If the table is provided with a table molleton and the catering tablecloth has been laid, the table can be set. The following sequence must be observed: Crockery - cutlery - glasses - catering napkins. Each place setting receives a place plate at first. Silver-plated place settings look particularly elegant, which, along with a white restaurant tablecloth, are part of the standard repertoire of an upscale restaurant and hotel business. For the table setting work, the chairs must be turned away from the table by 90°. This prevents unnecessary creases on the gastronomy tablecloth. Flower decorations and the candles are now being set up. Here a symmetrical arrangement looks best. The menu and the order of the dishes now determine the arrangement of the cutlery and the place setting. Silver cutlery is used in upscale gastronomy. The cutlery is arranged logically, oriented to the food. Eating is from the outside to the inside, but the cutlery is always laid from the inside to the outside. You start with the knife for the main course. The knife is located to the right of the burst plate, the cutting side to the left. The fork is positioned accordingly to the left of the plate with its tines pointing upwards. If no place mat is used, the knife and fork are always far enough apart for a plate to fit comfortably in between. If there is also a place setting on the opposite side of the table, the knife and fork should also face each other in a straight line. Next to the knife, the soupspoon is at the same height on the catering tablecloth. The cutlery should always be a finger width (approx. 1 cm or a thumb width) above the lower edge of the table. Now the knife and fork for the appetizer follow on the right resp. on the left. For the final dessert, the cutlery, which consists of a spoon and fork, is placed above the plate: The fork is placed across the plate with the handle pointing to the left, the spoon lies across the fork with the handle pointing to the right. Instead of a dessertspoon and fork, a coffee spoon and cake fork can of course be placed here, depending on the type of dessert intended. If you are serving cheese for dessert, the dessert knife with the handle to the right and the fork with the handle to the left is directly above the plate. If bread is included in the menu, there is a small plate for bread next to the left row of cutlery with a small knife for bread only. However, please note: Some dishes require special cutlery. These should be covered in advance according to their handling. Usually the tongs are arranged on the left, for example lobster or snail tongs. Special forks, such as lobster, snail, oyster and fondue forks are placed to the right of the plate. Glasses follow. There is a suitable glass for every drink. The glasses are laid on the right side above the cutlery according to the sequence of drinks. The glass for the first drink is placed outside right. No more than four glasses in total should be laid. Bellied style glasses are used for red wine, white wine is served in smaller glasses so that it can always be enjoyed chilled. In addition to wine glasses, a water glass should also always be laid. If sparkling wine is to be drunk, champagne goblets are preferable to champagne glasses, as they retain the carbon dioxide longer. In upscale gastronomy, the gastronomy napkin in the size 50x50 cm is always served in addition to the gastronomy tablecloths. The slightly strengthened gastronomy napkins made of fabric are placed on the plate or if the first course is already there, left of the left row of cutlery or on the bread plate. They can also be attractively folded into figures such as a bishop's miter or fan. Now the meal can begin.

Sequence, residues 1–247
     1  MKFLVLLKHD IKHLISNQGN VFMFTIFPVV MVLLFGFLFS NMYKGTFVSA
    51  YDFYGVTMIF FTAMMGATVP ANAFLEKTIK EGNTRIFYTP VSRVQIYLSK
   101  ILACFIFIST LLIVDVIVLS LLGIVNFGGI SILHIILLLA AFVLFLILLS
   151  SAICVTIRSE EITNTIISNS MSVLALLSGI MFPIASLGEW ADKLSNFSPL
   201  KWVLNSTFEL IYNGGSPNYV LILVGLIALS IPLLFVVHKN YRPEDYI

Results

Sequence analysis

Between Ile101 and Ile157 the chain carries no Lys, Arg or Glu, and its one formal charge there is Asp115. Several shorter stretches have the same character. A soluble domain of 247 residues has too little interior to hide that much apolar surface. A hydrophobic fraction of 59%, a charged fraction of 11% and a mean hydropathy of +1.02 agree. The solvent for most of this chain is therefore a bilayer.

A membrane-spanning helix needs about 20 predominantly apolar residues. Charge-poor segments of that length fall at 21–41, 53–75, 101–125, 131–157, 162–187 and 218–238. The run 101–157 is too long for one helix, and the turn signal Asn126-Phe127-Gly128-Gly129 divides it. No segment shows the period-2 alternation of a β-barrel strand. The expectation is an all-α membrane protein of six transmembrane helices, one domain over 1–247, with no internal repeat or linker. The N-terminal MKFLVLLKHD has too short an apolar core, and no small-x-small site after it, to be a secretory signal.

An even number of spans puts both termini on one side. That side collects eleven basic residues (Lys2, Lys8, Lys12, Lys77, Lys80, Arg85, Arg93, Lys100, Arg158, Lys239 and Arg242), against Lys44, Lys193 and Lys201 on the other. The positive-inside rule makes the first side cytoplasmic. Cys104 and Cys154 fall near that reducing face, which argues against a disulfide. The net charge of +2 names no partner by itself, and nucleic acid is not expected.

In the tablecloth vocabulary, the shrinking process of brand-new tablecloths during washing is referred to as shrinkage. Depending on the quality of the table linen, the gap is 5-8 percent. This should be taken into account when choosing the size of a tablecloth.
A tablecloth is a piece of cover adapted to the shape of the table and woven from textiles or made of plastic. Tablecloths are mainly used for three reasons: firstly, for design reasons, because tablecloths shape the appearance of a living space and contribute to well-being; secondly, to protect the table from dirt and wear and tear and thirdly, to cover an inferior table or its surface.
Tablecloths sizes / which tablecloth size do I need?
You can determine the optimum size of a tablecloth by taking the size of the tabletop and adding an overhang of approx. 20cm to max. 30cm on each side. This rule of thumb guarantees you a suitable tablecloth that is not too short and also not too long. If you choose a larger overhang, please consider the legroom of your guests! However, when calculating the size of a tablecloth, you should also take into account the shrinkage of the tablecloth during the first wash. This is about 5-8 percent. Our topics page, which explains in detail how to determine the right tablecloth size, can be found here.
A textile is a flexible material that consists of a composite of fibers, such as gastronomy tablecloths, gastronomy centrepieces, table runners or gastronomy napkins. A fabric or cloth, on the other hand, is a material that forms a so-called textile surface by weaving, knitting or otherwise connecting fibres.
Two-ply is used to describe twisted yarns. This refers to two- or multi-threaded yarns that are twisted together and only then woven. As a result, full-twist fabrics, such as those used in restaurant tablecloths and napkins, have a particularly high durability, optimum washing behaviour and, as a result, a long service life. Gastronomy tablecloths, in particular, are usually made of cotton two-ply, as they have to be particularly hardwearing. Our tablecloths are made of two-ply as well.
Twisted yarns are produced by twisting two individual yarns together in the weaving mill. This considerably increases the strength of the woven fabric of a gastronomy tablecloth and improves the evenness of the woven fabric.
In connection with gastro tablecloths, warp or warp threads are the threads running in the longitudinal direction of the fabric, for example of a tablecloth.
Weft or weft threads are threads in tablecloths or fabric napkins running in the transverse direction of the fabric.